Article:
What seemingly started like an ordinary morning for Whyy Mutumbunzou (21), with her routine house chores, including caring for her only child, 1-year-old Ryan, took an unexpected and thrilling turn. A radio broadcast message from the MoHCC encouraging all mothers and caregivers to bring their children under five years for the 4th round of the Polio vaccination campaign.
By Own Correspondent
Despite not knowing what Polio was, Whyy enthusiastically gathered her belongings and walked briskly with her son to the nearest clinic, Hatcliff Family Health Services. For Whyy, the choice was clear, guided by her unwavering principle regarding her son’s well-being.
The health of my child is most important; if children are healthy, the country thrives,” said the energetic mother with conviction.
Poliomyelitis, commonly known as Polio, is a highly infectious and contagious disease that attacks the body’s nervous system. In severe cases, this can become permanent, leading to a loss of use of the limbs. Polio can also paralyze the muscles responsible for breathing and swallowing, and without medical intervention, death is imminent. There is no cure for Polio, and the primary prevention means the Polio vaccination.
Countries neighboring Zimbabwe reported cases of Polio in 2022, putting children under five years in Zimbabwe at high risk of contracting the disease. To protect all children under five years, the government, through the MoHCC conducts periodic rounds of Polio Vaccination countrywide to increase immunity against the disease until the threat is over. The first round started in October 2022, with the fourth round completed in October 2023. All children under five who received vaccinations in previous rounds, continue to be protected with recommended supplementary polio vaccine doses during subsequent campaigns as long as they are still below five years of age
Dr. Alex Adjagba, Chief of Health and Nutrition for UNICEF in Zimbabwe reminisced about his days working in pediatrics and emphasized the irreplaceable value of the polio vaccine during a visit to Hatcliff Family Health Services for the vaccination campaign. He commended the government for its strong leadership and collaborative efforts.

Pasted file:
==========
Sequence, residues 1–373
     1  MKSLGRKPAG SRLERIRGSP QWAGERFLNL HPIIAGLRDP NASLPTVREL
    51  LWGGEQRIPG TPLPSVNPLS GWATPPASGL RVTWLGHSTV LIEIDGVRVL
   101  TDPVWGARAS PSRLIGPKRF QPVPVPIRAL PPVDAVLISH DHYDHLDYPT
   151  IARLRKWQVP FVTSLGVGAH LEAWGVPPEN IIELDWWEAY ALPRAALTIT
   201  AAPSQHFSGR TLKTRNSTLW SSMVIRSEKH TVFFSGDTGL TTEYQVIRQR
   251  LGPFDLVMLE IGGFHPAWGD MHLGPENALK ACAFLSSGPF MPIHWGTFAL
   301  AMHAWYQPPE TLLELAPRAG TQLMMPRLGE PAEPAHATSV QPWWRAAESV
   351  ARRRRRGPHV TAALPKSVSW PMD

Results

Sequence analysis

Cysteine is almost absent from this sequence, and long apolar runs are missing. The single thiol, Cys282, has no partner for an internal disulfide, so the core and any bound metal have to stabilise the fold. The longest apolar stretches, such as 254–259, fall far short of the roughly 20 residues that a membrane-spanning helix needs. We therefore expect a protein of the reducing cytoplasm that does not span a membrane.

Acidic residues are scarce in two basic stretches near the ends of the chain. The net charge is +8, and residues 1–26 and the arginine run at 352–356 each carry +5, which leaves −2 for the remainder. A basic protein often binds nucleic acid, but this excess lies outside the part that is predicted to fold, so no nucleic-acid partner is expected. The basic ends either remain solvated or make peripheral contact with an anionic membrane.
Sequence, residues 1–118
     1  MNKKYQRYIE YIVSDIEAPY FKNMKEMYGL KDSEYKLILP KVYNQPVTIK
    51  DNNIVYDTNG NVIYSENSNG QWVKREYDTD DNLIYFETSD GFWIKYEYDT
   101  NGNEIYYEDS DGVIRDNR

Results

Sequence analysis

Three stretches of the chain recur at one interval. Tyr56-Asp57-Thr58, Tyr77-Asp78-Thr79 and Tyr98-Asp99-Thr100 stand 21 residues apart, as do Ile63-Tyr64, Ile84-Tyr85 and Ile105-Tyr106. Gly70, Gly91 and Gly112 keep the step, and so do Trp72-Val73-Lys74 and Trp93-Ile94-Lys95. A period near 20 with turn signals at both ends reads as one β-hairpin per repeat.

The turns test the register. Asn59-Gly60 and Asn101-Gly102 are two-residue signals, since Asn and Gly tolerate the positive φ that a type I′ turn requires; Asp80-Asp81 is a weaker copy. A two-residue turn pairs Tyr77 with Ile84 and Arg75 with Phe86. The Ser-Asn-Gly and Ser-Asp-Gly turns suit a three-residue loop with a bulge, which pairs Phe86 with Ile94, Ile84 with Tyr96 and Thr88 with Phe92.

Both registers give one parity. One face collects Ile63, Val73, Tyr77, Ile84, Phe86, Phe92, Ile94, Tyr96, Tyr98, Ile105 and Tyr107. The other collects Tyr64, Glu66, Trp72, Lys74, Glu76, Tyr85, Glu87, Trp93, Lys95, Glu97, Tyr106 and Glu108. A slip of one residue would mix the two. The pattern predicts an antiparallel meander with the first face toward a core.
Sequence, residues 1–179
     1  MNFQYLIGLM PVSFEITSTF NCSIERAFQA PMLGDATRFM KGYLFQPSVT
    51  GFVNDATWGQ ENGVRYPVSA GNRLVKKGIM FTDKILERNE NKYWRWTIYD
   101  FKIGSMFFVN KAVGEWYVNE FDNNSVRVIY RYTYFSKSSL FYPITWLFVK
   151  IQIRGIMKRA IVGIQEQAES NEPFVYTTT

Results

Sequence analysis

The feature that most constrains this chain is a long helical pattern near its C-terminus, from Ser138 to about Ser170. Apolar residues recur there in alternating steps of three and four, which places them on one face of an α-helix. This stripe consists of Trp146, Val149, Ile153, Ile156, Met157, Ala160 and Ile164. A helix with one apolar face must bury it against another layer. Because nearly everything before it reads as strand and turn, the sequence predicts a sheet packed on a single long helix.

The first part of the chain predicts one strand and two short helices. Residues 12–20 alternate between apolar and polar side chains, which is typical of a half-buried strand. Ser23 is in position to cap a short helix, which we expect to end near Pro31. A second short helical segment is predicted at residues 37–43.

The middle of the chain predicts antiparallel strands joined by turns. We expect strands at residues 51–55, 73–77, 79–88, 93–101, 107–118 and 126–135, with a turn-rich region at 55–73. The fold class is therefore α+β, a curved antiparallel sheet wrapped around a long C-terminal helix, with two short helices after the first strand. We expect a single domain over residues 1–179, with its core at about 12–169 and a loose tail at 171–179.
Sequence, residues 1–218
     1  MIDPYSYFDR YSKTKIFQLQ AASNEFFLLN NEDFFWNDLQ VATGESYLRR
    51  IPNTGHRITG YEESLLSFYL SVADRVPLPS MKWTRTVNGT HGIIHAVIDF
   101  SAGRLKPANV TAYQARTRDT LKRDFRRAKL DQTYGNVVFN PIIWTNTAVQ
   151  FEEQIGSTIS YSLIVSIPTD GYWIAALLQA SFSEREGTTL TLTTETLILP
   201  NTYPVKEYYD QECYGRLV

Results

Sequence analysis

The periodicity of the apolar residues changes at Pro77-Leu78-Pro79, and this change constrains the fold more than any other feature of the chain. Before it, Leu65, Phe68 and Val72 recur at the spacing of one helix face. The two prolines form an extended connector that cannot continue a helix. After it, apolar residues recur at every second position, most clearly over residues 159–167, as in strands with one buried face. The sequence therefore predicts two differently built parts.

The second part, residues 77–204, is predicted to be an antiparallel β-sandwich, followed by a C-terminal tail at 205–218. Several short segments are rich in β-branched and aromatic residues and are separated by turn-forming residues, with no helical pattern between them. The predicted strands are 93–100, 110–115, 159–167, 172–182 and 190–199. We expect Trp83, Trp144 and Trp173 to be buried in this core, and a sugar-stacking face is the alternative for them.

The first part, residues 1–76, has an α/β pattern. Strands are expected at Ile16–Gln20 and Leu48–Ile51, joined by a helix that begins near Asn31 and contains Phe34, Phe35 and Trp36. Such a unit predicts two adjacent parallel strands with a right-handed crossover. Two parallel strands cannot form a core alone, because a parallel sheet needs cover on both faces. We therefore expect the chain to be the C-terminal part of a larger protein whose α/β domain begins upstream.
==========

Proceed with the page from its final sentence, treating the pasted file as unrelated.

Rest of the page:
“I am pleased to witness the ongoing polio vaccination campaign; the only way to protect children is through vaccination, he said. “Under the leadership of the Ministry of Health and Child Care and in collaboration with our partners, we’ve successfully administered polio vaccinations nationwide.”
UNICEF supported the MoHCC in Zimbabwe to launch the fourth round of the nationwide polio campaign, which ran from 10 October to 13 October, aiming to reach over 2.6 million children under five. The campaign strategy also included house-to-house visits to ensure all eligible children received the vaccine.
Millions of children across Zimbabwe, have received the polio vaccination from MoHCC, UNICEF and its partners, including donors Japan, Global Polio Eradication Initiative (GPEI) the Health Resilience Fund – the European Union, the United Kingdom, Ireland and Gavi, the Vaccine Alliance.
Near Hatcliff Family Health Services, a dedicated team comprised of health workers thrived as they aimed to reach their daily target of 300 polio immunizations. This health promotion tactic proved instrumental in reaching and addressing vaccine-resistant mothers and caregivers, including those unable to travel to health centers.
Whyy’s commitment to prioritizing her son’s health was not a decision made lightly. It began during her pregnancy with Ryan, after facing complications in her final trimester. Despite being registered at Hatcliff Family Health Services, Whyy was advised to opt for a home delivery with traditional midwives. Reluctantly, she declined this offer and proceeded to go to the clinic. Her positive experience during Ryan’s birth instilled a deep trust in the clinic, assuring her that bringing Ryan for his polio vaccination was the only choice.
Today, Ryan is a healthy and charismatic little boy who captured the attention of everyone at the clinic after eagerly agreeing to receive his first polio vaccination with a bright and infectious smile.